Simon Darveau, Creative Director: The Show Director’s purpose is to make Darwin Project more entertaining for both players and spectators by adding an extra dimension to the gameplay. The player in the Show Director drone can fly freely across the map, teleport from one contestant to another, and unleash powers such as Heal, Warm Up, Gravity Storm, Nuke, and more. With a Show Director in the match, contestants have an extra tool at their disposal: social skills. Winning over the Show Director (and the audience, if there is at least one player in the match streaming) becomes another way contestants can try to gain the upper hand―or at least survive a few minutes longer.
The Show Director can choose to let the audience vote on the target for a selected power. This feature, called Spectator Interactions, has been popular with Twitch and Mixer viewers because it allows them to have a say in the match. Spectator Interactions are our way of involving viewers and turning the experience of watching a Darwin Project match into an active rather than passive activity.
I opened by saying that watching a livestream where people in the chat were influencing the outcome of the game was what originally inspired the foundation for Darwin Project, so it’s no surprise that we’re building the game with spectators in mind. Spectator involvement has so much potential, and we’re excited to see where it’ll take the industry in the coming years.
Darwin Project has had an active community helping provide regular feedback during the game's development. How has this feedback helped to shape Darwin Project over the past few months?
Simon Darveau, Creative Director: We’re so grateful for all the players who believed in Darwin Project from the start. We built a core community very early on, with players joining us for private playtests even before our Alpha and Beta weekends. Gathering feedback from an active community of early fans is important for any multiplayer game, but it was especially crucial for Darwin Project because of how heavily it leans into social interactions as well as the way some of our features―specifically the Show Director and Spectator Interactions―didn’t really have clear precedents. We needed to examine as many encounters as we could between contestants, Show Directors, and spectators to not only ensure the systems worked, but take note of what kind of reactions different interactions led to.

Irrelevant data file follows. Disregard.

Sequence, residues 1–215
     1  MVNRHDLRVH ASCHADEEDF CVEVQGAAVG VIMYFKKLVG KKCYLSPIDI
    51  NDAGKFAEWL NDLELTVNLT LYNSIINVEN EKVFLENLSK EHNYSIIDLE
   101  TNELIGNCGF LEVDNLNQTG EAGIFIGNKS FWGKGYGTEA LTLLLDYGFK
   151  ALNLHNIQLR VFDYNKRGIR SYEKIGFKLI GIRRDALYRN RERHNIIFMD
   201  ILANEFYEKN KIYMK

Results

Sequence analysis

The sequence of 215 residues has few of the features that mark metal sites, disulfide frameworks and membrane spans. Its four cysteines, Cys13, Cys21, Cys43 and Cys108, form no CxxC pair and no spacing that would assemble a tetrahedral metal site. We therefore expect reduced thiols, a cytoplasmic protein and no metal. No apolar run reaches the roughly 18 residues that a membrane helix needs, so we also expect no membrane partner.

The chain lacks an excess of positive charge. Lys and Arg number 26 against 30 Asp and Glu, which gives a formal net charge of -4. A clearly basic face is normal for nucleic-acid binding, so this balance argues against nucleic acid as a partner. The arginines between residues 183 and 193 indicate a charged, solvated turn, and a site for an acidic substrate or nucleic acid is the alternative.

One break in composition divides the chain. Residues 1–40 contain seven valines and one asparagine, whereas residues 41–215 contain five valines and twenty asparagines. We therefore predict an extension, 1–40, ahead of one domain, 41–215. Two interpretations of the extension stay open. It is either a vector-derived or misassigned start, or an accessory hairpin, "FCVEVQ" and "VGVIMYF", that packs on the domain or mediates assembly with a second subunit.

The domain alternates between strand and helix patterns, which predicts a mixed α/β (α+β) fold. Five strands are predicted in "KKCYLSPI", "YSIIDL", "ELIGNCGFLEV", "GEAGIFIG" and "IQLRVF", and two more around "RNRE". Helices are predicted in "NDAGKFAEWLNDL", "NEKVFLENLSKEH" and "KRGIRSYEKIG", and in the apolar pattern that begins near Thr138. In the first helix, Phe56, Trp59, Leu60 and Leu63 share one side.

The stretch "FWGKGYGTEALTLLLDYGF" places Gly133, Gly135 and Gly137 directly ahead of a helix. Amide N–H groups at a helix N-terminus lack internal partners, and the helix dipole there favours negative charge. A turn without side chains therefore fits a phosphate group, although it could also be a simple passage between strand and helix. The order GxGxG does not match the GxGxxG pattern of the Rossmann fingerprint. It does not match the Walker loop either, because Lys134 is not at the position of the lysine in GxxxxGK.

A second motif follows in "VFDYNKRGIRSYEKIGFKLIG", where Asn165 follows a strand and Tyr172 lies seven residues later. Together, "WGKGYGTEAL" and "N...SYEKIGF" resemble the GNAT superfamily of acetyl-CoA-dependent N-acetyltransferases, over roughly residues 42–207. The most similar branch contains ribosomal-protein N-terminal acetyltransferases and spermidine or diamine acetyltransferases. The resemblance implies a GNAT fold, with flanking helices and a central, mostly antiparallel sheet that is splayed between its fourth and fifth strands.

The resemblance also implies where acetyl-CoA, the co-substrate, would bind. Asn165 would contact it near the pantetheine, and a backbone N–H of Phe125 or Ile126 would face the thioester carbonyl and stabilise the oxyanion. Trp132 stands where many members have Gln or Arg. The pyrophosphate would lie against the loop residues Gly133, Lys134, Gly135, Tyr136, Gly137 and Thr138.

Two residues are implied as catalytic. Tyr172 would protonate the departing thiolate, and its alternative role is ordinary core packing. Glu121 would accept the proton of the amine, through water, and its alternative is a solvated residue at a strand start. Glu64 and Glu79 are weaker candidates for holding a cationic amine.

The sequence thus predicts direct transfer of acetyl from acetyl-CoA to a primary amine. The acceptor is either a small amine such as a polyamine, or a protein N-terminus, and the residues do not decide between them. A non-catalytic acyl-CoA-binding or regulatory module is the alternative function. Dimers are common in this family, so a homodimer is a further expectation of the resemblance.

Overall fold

And we’re still learning. Lately, we made some changes to the Show Director’s ability to target specific players with some powers because of a discrepancy we noticed between how players react when powers like Heals are given by the Show Director directly and when they’re automatically applied after the target has been voted on by the audience.